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The Cenozoic geology and the present lithospheric and upper mantle structure of the Anatolian plateau in eastern Turkey and nearby regions are the result of the final collision and suturing of the continental Arabian plate to the Turkish terranes (i.e., micro-continents). This process of collision and suturing was strongly influenced by three active structures in the region: the Caucasus mountains, the Aegean subduction zone, and the Dead Sea fault system. Understanding these three major tectonic elements are important for the development of a robust model for the formation of the Anatolian plateau.
We show that the Anatolian plateau lithosphere in eastern Turkey has no lithospheric mantle, i.e., the crust floats on a partially molten asthenosphere. The average thickness of the crust in the region is approximately 45 km. The uppermost mantle beneath this crustal block strongly attenuates Sn waves and has one of the lowest Pn velocities on earth (about 7.6 km/s). The Anatolian plateau, with an average of 2 km elevation is dissected by numerous active, seismogenic faults (mostly strike-slip and some thrust type). Neogene and Quaternary volcanism with varying composition is widespread and covers more than half of the region.
We argue that the northward subduction of the northern and the southern branches of the Neo-Tethyan oceanic lithosphere since the Mesozoic has resulted in the development of arc and back-arc volcanism (i.e., the Pontide and Bitlis systems) and the development of the eastern Anatolian accretionary complex that covers a large area of eastern Turkey. The northward subduction of the southern Neo-Tethys considerably thinned and weakened the overriding Eurasian plate above the descending oceanic lithosphere of the Arabian plate. The final suturing of the continental Arabian plate with the Turkish terranes in the Miocene and the continued convergence of Arabia relative to Eurasia has resulted in the shortening of the accretionary complex both in the forearc and the back-arc regions and the development of a broad zone with numerous strike-slip faults. The mobilization of the Caucasus is also partially a consequence of this convergence. The documented major episode of widespread volcanism at about 11 Ma is probably related to the breakoff of the shallowly descending oceanic segment of the Arabian lithosphere beneath eastern Turkey. The continued convergence of Arabia relative to Eurasia has resulted in the development of the North Anatolian fault (NAF) and subsequently the East Anatolian fault (EAF) in the Pliocene. At about this time, the northern segment of the Dead Sea fault (DSF) also developed in Lebanon and northwest Syria and joined the EAF to form the Anatolian - Arabian - African triple junction in the Maras region of southern Turkey. The development of these fault systems (i.e., NAF, EAF, and DSF) provided the mechanism for the tectonic escape of the Anatolian crustal block towards the Aegean arc system.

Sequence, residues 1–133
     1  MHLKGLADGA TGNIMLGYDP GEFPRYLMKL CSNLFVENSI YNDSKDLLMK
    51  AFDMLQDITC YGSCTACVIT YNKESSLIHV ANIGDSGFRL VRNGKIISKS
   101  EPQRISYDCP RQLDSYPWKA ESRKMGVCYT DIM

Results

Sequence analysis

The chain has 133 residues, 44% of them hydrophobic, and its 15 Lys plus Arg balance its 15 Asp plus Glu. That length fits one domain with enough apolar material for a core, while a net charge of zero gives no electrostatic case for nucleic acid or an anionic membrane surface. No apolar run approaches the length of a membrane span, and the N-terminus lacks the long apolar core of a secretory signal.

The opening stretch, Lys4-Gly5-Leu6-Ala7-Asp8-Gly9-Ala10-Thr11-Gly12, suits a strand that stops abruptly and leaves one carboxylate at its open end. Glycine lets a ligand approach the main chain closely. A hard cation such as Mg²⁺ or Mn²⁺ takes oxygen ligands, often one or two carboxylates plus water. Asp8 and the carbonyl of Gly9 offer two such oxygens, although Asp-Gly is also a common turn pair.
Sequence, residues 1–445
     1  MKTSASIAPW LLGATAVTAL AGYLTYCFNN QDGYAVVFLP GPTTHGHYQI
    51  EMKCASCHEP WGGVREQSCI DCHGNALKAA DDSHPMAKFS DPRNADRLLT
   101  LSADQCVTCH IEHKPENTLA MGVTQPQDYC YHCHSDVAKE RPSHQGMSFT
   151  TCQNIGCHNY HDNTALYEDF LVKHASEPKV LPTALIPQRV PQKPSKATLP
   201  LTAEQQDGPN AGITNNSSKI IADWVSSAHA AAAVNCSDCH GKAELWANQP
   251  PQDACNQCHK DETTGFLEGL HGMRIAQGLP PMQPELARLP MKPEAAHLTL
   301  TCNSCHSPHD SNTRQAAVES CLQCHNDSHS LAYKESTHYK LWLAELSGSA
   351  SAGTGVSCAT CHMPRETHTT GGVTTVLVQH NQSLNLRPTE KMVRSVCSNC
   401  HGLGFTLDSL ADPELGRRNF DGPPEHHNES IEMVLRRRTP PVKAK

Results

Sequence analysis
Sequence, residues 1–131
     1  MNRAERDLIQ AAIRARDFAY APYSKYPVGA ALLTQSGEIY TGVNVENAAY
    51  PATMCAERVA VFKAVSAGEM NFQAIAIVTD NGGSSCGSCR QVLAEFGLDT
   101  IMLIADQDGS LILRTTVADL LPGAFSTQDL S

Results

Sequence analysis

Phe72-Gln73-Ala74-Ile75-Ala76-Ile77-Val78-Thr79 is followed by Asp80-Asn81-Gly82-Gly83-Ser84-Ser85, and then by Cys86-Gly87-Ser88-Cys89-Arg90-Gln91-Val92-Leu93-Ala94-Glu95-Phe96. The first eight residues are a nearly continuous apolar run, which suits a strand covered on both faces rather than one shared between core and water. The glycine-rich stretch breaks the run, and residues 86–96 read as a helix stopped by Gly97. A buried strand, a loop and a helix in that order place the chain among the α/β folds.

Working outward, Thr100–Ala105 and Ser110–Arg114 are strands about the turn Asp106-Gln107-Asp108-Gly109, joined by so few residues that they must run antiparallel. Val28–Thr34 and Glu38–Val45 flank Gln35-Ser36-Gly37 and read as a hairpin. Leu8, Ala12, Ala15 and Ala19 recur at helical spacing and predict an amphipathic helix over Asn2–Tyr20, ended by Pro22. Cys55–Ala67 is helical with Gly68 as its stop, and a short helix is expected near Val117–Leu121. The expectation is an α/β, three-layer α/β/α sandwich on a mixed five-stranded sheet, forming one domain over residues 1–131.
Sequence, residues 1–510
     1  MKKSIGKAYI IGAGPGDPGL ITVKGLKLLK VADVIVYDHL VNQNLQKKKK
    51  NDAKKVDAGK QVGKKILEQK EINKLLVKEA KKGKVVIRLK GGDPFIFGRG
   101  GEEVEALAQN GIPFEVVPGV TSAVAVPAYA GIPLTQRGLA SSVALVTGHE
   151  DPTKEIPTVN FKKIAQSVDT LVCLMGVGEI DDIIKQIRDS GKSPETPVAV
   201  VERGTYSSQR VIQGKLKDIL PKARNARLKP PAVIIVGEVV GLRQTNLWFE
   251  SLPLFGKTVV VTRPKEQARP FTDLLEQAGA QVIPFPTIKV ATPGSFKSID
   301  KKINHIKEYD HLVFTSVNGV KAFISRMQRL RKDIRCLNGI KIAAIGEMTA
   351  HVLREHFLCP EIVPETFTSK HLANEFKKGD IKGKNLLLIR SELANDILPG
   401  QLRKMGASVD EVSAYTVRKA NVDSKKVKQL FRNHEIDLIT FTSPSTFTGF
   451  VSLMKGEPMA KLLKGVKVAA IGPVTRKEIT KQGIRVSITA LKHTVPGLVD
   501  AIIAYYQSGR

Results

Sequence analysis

Geological Society of America, P.O. Box 9140, Boulder, CO 80301-9140 USA (http://www.geosociety.org)
© 2006, Geological Society of America
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Figure 7. Schematic cross sections showing tectonic evolution of the Anatolian plateau in eastern Anatolia from the Eocene to the Present. The cross sections are constructed approximately along the 42ºE longitude line.
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